By Oliver Lane 29 Jul 2015
Sweden can be proud today to have shed its long standing reputation as ‘the most boring country in the world’. The Nordic state finds itself in the grip of a terrifying crime wave instead, which even ‘new Swedes’ describe as like “being back in Syria”.
Grenade attacks in multicultural paradise Malmö are now so commonplace the English-speaking media has all but stopped bothering to report them. Compounding the apparent disinterest in the descent of beautiful, historic Malmö into a third-world ghetto where native Swedes are very nearly in the minority, is a striking dearth of facts about what is actually going on there.
We know the grenade attacks are a regular occurrence – there have been four this past week and at least ten since April. They come in addition to the regular shootings, stabbings, and arson attacks that are apparently so commonplace they don’t make the English papers at all. A recent assessment by Malmö police into the effectiveness of their own violence-reduction program was that it had no effect, and that “the number of shootings and bombings in Malmö have not declined despite the measures”. The force today admitted it is severely under-staffed and unable to cope with the volume of investigations under-way. One third of all officers on the local force are now ‘on leave’, and no doubt the strain of the job in ‘Sweden’s Chicago’ is playing a part in that.
But there are scant few assessments by the Malmö police over who is deliberately targeting government buildings with hand grenades smuggled from the Balkans. The Swedish press reports no arrests. The closest to publicly expressed logic for the attacks is the suggestion that friends of three young men who set off a series of bombs in the city on Christmas Eve are now expressing their displeasure at the justice system, as all three were later jailed.
Benefiting from their youth – one was just 15 at the time of his arrest – the bombers have not been named, denying the public another crucial piece of the puzzle. Yet speculating that Malmö’s new-found crime problem may have anything to do with the sudden rush of immigration is verboten.
Don’t be fooled, for all its friendly press the Swedish orthodoxy is one of the most suffocating, and strongly upheld belief systems in the world. Until very recently, even questioning the doctrine of mass immigration would lead to total social exclusion.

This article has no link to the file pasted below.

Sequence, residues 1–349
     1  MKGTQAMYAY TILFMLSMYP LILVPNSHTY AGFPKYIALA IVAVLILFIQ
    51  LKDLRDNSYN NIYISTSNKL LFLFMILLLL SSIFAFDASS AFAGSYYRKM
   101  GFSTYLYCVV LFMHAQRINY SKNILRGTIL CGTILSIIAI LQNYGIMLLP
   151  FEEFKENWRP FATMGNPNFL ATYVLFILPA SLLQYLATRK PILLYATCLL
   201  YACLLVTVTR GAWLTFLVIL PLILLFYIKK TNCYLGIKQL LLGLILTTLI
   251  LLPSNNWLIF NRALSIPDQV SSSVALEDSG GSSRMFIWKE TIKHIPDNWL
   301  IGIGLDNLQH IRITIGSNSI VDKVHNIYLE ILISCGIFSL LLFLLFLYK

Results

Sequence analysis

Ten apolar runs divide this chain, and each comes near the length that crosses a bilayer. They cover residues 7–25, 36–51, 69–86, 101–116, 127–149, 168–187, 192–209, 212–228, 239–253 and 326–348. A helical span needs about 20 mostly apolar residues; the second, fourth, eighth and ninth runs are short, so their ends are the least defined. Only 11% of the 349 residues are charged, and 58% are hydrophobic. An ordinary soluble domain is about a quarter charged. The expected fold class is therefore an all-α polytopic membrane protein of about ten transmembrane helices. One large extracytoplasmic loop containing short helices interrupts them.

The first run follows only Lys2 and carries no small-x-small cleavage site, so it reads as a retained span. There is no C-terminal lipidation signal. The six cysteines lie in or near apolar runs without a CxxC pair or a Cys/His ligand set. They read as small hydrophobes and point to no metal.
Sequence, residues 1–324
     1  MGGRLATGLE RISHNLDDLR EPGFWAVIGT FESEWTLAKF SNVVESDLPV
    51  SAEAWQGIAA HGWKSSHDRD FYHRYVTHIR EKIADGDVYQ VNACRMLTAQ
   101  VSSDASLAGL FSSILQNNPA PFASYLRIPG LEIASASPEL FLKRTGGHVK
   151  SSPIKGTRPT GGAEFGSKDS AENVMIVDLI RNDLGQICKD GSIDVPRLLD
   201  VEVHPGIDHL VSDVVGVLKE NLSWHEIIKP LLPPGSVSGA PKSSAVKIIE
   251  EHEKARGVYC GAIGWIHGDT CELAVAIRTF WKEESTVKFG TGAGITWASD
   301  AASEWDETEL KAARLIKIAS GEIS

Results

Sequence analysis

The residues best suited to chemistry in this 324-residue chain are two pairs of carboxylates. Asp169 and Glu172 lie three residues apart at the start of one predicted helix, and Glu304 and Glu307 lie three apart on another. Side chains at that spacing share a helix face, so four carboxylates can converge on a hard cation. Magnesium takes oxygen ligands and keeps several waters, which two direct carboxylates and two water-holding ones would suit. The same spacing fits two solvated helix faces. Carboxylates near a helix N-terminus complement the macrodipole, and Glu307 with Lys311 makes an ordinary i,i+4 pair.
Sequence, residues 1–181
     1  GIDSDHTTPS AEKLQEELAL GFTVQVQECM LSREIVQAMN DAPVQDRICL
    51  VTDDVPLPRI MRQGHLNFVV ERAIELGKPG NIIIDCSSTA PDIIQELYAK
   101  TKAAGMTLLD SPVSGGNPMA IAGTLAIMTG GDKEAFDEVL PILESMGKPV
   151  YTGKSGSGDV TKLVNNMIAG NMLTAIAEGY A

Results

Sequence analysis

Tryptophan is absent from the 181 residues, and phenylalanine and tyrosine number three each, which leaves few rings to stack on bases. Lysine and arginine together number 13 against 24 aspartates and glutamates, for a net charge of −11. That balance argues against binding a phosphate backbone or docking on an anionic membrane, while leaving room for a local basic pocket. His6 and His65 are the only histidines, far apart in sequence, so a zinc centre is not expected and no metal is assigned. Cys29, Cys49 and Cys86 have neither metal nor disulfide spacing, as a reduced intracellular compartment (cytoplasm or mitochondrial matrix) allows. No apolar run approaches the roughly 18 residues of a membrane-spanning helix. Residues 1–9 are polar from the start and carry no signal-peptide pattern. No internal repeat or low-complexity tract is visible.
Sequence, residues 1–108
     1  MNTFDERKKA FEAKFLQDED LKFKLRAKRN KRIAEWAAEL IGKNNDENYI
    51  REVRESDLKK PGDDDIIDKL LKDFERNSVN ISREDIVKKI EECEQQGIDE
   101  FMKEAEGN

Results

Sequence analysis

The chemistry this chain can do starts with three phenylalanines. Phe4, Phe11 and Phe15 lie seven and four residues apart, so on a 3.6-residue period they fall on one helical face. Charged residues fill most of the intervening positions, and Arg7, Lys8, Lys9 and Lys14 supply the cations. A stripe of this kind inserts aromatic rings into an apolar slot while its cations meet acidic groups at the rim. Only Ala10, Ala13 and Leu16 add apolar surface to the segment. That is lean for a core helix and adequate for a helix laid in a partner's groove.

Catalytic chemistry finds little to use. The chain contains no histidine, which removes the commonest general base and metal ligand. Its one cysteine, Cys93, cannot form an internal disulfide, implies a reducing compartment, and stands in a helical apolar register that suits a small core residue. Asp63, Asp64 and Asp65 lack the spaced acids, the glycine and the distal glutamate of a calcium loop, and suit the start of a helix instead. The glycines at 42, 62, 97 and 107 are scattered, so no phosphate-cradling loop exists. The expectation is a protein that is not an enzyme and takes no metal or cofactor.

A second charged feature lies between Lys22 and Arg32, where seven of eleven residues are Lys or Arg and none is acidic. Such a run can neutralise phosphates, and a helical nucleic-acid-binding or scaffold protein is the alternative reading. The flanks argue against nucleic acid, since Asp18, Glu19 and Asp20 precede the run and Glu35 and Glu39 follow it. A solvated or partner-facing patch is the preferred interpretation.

Yet despite this, the tide is turning – slowly.
A number of shocking recent cases in Malmö and elsewhere go some way to explain the sudden and silent rise of Sweden’s new right-wing. The abduction and week-long gang rape ordeal of a young Swedish woman by a gang of Afghan men – who couldn’t even speak Swedish – should be enough to challenge the preconceptions of even the most dedicated multiculturalist.
If an overriding desire to care for persecuted immigrant communities is your thing, perhaps the needless abuse and persecution of Syrian Christians by Syrian Muslims after establishing themselves in Sweden could trigger a re-assessment of your political priorities.
This months a group of two Syrian Christian immigrant families were forced out of their Swedish asylum accommodation by Muslim residents. They were told they were not allowed to wear Christian symbols or even to use the communal areas when Muslims were present.
Instead of reporting the incident to the police, the Swedish immigration authority decided to deal with what they acknowledged were “fundamentalist Muslims” in-house, sending ministry officials to meet with the Muslim families at the asylum center to explain to them the fine points of Swedish law, hoping they would not transgress again.
A growing number of Swedes are starting to reject this way of doing things. Ashamed that ‘boring’ Sweden now has one of the highest rape rates in Europe and a growing teenage gang-rape problem, ashamed that they pay 60-per-cent income tax yet newcomers are showered with freebies, they look for an alternative.
The Sweden Democrats (Sverigedemokraterna, SD), the socially conservative anti-immigration party who campaign on the slogan ‘Keep Sweden Swedish’ continues to go from strength to strength. It now enjoys poll ratings that put it in place to become the nation’s third party. As is the case with other anti-immigration parties across Europe, SD enjoys its strongest support in areas with high levels of immigration, in this case in the more urban south.
The party polls consistently well in Malmö, suggesting those Swedes who still live there are desperate for change. The experience of Nordic sister Denmark suggests there is hope for the future.
After winning the most members of parliament in the June general election, the Sweden Democrat-like Danish People’s Party (Dansk Folkpartei, DF) is now clearly setting the national agenda despite sitting on the fringes of the now ruling centre-right ‘blue’ coalition. Only weeks after the electoral dust settled, the real optimism of a nation which is suddenly seeing real change is clearly apparent.
Swedish police patrol by a Mosque near Stockholm, the capital city / Getty
Following up on the move, the Danish government announced last week that this change in money available to newcomers would be ‘advertised’ in the newspapers of countries like Turkey, to make sure those considering making the journey across Europe to Denmark knew not to bother.
The Swedish are learning from their Danish counterparts, and are adopting the same tactics. As the Danes did in 2011, the Swedish right-wing has taken on the nose the recent ‘victory’ by the left-wing in the 2010 elections.
They can stand confident knowing the left-wing Social Democrats, for whom support is falling, have been forced into leading a weak minority government while support for the new right-wing party is surging. And just like in Denmark, come the next election they will be perfectly placed to make the difference their country needs.